Baker Job Information

A baker job may not sound like the road to riches, but it can be. Some of the world's most successful retail franchises are bakeries. 

The Work Environment

Bakers are trained professionals. They undergo apprenticeships, and are trained systematically in each part of the trade, from making the products to cookery and baking techniques, including:

  • Pastries
  • Breads
  • Cakes
  • Biscuits
  • Crispbreads
  • Sweet pastries
  • Custom products, like in-house specialties

The baker's job may be retail bakery, or industrial bakery, which are quite different workplaces. 

Retail Bakers

The retail baker's work environment is usually a small shop workplace. The work involves:

  • Production work
  • Retail sales
  • Customer relations

Industrial Bakers

Industrial bakery operations can be huge workplaces, employing large numbers of people, and involving a range of different forms of production, special jobs, and in some cases special training and qualifications.

The bakery work in these facilities includes:

  • Production line systems: Employees are still bakers, but they're also systems operators to a large extent. 
  • Packaging and handling: This is on-site work, largely automated, but involving physical movement and handling for distribution purposes. 
  • Quality control: Products are monitored for quality and any related production issues.

Modern production is reducing the numbers of people directly employed in bakery, but expanding the range of products. Distribution and production design methods have also produced "niche" areas of employment for bakers in some product ranges by creating streams for production, like dedicated cake or biscuit production facilities, etc.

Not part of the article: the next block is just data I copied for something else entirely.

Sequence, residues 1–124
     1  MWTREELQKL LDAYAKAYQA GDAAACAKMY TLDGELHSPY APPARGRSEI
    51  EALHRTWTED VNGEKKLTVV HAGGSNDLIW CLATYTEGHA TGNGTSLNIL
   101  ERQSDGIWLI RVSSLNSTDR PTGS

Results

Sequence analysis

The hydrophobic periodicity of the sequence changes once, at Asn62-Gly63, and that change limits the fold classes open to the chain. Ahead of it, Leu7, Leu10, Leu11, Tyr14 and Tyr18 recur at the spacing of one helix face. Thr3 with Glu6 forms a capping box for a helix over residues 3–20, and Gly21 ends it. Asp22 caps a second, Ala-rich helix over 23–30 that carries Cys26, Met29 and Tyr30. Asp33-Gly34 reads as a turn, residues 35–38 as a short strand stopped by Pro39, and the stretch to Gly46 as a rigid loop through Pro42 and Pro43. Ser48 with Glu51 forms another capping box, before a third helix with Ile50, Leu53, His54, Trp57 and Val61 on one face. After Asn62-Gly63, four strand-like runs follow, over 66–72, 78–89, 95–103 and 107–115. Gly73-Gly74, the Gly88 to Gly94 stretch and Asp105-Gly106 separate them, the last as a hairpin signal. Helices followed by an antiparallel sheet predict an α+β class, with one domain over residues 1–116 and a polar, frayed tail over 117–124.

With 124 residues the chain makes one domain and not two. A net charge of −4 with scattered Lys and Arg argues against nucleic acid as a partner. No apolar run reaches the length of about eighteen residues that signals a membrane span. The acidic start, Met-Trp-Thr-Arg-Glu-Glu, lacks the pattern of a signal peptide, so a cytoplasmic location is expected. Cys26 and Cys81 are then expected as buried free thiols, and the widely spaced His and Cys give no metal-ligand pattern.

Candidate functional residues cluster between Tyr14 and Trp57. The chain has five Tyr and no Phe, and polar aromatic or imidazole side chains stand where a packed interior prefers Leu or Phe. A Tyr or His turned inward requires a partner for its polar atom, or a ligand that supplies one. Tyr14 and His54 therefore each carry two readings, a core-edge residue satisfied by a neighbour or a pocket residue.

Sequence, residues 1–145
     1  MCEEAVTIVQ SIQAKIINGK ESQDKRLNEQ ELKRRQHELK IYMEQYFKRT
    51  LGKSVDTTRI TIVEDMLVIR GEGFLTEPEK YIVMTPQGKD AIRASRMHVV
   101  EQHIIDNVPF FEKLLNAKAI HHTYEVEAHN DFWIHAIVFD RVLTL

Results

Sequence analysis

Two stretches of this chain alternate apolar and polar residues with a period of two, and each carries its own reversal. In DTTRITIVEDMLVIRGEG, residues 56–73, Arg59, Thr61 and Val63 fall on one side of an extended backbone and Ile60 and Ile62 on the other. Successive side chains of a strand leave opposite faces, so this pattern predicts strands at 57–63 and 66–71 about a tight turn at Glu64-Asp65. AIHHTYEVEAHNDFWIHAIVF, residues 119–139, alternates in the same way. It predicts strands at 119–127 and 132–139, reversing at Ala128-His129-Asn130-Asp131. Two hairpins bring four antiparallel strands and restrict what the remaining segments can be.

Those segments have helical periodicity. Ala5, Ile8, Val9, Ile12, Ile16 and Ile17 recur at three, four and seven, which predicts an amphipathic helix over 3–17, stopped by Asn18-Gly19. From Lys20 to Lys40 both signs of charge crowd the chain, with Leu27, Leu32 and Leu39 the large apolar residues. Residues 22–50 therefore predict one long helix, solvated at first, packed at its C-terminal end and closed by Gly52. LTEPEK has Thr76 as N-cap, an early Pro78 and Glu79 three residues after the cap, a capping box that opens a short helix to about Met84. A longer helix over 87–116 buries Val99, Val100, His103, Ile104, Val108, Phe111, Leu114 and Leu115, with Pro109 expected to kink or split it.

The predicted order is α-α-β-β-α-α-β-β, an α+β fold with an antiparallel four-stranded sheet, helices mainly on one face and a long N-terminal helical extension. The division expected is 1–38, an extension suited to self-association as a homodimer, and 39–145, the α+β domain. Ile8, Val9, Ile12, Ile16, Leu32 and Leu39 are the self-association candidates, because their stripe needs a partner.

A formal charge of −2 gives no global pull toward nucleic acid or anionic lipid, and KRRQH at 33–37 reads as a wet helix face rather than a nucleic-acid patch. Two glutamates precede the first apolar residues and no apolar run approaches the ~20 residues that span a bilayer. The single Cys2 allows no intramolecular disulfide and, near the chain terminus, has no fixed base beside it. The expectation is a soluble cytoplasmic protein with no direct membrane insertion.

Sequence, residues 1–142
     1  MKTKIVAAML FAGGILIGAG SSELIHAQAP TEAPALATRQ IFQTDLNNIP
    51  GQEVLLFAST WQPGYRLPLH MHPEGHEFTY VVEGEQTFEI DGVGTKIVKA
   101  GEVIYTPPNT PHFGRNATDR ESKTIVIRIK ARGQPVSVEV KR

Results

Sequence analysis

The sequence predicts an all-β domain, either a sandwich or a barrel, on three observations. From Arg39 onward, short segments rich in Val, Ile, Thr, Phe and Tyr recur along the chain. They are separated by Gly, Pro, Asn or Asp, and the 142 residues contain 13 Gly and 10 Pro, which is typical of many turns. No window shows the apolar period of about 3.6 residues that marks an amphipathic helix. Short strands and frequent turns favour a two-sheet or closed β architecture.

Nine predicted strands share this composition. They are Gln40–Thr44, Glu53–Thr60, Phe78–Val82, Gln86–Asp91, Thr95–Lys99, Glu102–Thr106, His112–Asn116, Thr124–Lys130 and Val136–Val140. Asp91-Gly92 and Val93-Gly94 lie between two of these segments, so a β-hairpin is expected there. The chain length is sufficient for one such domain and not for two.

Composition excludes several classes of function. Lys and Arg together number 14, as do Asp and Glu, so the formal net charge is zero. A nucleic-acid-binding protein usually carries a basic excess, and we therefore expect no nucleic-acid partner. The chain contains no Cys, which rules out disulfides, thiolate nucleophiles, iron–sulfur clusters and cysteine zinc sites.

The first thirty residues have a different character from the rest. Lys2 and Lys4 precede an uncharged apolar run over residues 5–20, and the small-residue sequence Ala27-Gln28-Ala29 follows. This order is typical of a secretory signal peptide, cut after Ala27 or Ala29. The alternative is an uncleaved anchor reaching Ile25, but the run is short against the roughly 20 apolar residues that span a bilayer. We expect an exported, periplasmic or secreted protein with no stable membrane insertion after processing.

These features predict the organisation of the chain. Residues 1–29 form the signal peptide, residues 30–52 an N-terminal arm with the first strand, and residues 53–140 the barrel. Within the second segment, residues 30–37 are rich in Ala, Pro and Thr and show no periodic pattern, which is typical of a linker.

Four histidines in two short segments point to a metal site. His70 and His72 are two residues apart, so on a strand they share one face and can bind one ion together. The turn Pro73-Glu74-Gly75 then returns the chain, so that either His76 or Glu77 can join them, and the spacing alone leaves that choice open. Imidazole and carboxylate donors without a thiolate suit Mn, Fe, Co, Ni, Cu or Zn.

Wages: Hourly scales, $8 to $20 per hour depending on qualifications, experience, employer, and market area.

Hours: Shift work for industrial bakers. Retail bakers usually start early and finish on business hours. 

The Career Environment

Bakers, as tradespeople, have very portable skills which can create a range of career opportunities. They can transfer between retail and industrial forms of employment and careers on various levels. 

Industrial bakers can have excellent careers in their stream, and some bakers are also "researchers" in terms of creating new industrial products. Many recipe books produced by major manufacturers are in fact the products of their own in house bakeries, or chef level baker-consultants, professional chefs specializing in the product ranges.

The career environment for bakers is actually a business environment, in many ways. Retail bakers have real commercial potential, seen in practically every shopping mall and shopping strip in the world. Major franchises can be extremely valuable businesses. A retail baker can start a career earning $9 an hour and wind up owning a franchise business worth $1 million or so.

Bakers can literally create their own viable businesses. Even the basic non-franchise "baker shop" is usually a successful low-end business. Independent bakery businesses are common around the world, even in major corporate-dominated markets like the US. Bakery is one of the oldest forms of mass production, and the profit margins in real terms can be excellent. $1 wholesale worth of bread mix can produce $10 in retail sales. Compared to normal margins on retail sales, this is a far better return than a grocery or other food sales business. Overheads are relatively low, with shop rental the only real major expense. 

Many of the current bakery franchises, some worth billions, started as independent bakers. A bakery can be a truly successful venture, both in business and employment terms.